You cannot eliminate the 'quarterbacking problem' in a pure co-op game, where all information is available. A single player 'dominating' the others is not the problem: the problem is that, in such games, there is a clear and optimal path to victory (mathhammer, as you so aptly put it). The 'quarterback's' suggestions must be listened to, because they are actually the best way for the players to win the game. Introducing new player roles will not help you, nor will simplifying the way the information is presented to the players (although I grant you that it will make the game easier to play).
You can 'beat' this by working on the above definition and 'knocking off' particular parts of it, e.g. 'pure co-op', 'all information is available'.
Competition: The problem with making an asymmetric strategy game (i.e. one in which every player has different 'units') competitive is balance. As a hypothetical example, if there is a competitive edge to the game, the fleets of a certain faction might have a slight but telling advantage, that will snowball throughout the game (i.e. better early-game performance). If you choose this path, you will need to be very careful about the stats/skills of the fleets.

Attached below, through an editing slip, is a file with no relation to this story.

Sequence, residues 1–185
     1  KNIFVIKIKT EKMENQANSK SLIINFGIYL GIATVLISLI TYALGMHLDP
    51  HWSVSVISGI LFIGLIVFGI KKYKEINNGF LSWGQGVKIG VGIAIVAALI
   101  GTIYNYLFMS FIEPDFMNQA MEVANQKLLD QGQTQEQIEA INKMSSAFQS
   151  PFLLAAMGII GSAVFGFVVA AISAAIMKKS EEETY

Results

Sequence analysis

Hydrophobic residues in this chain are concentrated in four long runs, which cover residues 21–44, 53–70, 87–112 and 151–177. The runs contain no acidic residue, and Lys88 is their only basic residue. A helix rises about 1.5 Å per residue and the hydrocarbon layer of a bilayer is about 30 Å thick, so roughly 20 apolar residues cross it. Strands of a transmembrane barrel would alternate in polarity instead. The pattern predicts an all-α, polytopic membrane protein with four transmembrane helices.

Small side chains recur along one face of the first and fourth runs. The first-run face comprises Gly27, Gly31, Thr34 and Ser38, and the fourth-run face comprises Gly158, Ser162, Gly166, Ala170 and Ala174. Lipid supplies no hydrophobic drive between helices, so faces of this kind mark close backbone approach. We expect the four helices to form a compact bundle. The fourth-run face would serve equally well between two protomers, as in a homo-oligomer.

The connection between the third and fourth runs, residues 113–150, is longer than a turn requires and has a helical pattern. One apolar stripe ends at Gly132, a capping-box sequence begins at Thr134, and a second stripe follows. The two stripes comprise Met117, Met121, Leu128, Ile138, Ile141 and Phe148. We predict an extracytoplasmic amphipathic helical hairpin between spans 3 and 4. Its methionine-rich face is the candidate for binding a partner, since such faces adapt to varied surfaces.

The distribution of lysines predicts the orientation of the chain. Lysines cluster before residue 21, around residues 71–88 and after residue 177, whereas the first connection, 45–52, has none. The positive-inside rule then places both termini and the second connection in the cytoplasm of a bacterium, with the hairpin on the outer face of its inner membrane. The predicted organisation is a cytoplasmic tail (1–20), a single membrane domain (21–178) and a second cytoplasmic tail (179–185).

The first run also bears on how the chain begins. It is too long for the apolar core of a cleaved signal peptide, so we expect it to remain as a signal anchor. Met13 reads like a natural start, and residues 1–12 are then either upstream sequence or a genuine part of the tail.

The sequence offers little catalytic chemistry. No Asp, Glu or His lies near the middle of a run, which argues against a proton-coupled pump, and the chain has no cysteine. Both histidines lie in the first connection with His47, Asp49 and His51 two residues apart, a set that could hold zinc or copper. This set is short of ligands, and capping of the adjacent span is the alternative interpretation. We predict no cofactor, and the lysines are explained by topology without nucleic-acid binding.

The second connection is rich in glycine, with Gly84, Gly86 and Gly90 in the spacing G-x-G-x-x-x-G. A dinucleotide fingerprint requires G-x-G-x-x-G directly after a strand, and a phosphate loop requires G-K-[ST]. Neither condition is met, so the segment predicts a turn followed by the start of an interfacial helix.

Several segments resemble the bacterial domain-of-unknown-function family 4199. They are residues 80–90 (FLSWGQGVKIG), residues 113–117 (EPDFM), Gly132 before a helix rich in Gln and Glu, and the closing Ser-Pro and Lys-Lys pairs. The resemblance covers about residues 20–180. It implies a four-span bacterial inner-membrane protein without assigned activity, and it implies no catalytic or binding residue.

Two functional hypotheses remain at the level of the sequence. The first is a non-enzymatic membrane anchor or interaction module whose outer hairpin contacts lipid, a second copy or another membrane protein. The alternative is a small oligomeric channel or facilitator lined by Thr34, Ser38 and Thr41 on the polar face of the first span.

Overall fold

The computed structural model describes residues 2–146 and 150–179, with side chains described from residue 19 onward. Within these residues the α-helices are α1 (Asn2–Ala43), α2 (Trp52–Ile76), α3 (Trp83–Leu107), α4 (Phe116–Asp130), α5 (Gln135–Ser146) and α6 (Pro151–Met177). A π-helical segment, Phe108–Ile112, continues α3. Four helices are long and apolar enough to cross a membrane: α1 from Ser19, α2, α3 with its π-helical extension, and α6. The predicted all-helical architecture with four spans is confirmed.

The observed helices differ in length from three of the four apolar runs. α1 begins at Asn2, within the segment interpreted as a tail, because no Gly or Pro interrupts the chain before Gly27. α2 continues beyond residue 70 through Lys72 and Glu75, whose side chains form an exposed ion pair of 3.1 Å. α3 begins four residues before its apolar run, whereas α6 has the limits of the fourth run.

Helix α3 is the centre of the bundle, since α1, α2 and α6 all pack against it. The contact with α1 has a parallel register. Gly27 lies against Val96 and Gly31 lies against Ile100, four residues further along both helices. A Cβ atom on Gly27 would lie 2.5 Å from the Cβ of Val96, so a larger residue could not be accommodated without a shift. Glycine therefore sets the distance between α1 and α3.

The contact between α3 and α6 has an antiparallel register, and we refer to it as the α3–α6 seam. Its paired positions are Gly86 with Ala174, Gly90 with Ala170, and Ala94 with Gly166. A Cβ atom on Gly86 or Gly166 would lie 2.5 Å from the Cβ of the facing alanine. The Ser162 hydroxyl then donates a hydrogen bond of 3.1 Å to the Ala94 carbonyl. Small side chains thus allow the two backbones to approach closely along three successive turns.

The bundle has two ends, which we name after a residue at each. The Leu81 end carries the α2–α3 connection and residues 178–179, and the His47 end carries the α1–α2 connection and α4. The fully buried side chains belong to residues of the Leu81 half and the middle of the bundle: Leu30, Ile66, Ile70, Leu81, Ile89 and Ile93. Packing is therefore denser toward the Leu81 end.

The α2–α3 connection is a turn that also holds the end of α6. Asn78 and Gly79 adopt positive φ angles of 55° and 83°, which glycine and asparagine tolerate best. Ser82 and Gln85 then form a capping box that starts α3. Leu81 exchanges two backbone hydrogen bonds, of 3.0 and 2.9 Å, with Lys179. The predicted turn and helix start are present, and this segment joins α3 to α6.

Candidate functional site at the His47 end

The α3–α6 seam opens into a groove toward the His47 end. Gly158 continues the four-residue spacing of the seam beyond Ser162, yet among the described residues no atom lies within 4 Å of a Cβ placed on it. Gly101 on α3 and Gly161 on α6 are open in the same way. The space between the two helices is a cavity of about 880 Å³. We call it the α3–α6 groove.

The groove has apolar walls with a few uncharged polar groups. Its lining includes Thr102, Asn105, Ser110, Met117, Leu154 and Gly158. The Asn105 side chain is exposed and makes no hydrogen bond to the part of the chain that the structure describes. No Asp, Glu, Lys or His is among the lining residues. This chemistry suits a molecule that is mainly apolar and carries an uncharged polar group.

Information: There is no way to restrict information sharing between players in a forum community (PMs and all), without their explicit agreement. What about using their capability to exchange information 'under the radar?' Use secret goals: give one secret goal to each player and one to each faction (shared between all players of the faction). Allow them to share information via PMs. See the game explode with misinformation and misdirection. There is nothing that can stop a player from claiming that he needs to follow goal A, but how can you trust him? What if a player betrays his faction goal to the others? What if...
Then, on game end, award points on successes and see who the winner is (if we've managed to defeat the Hierarchy).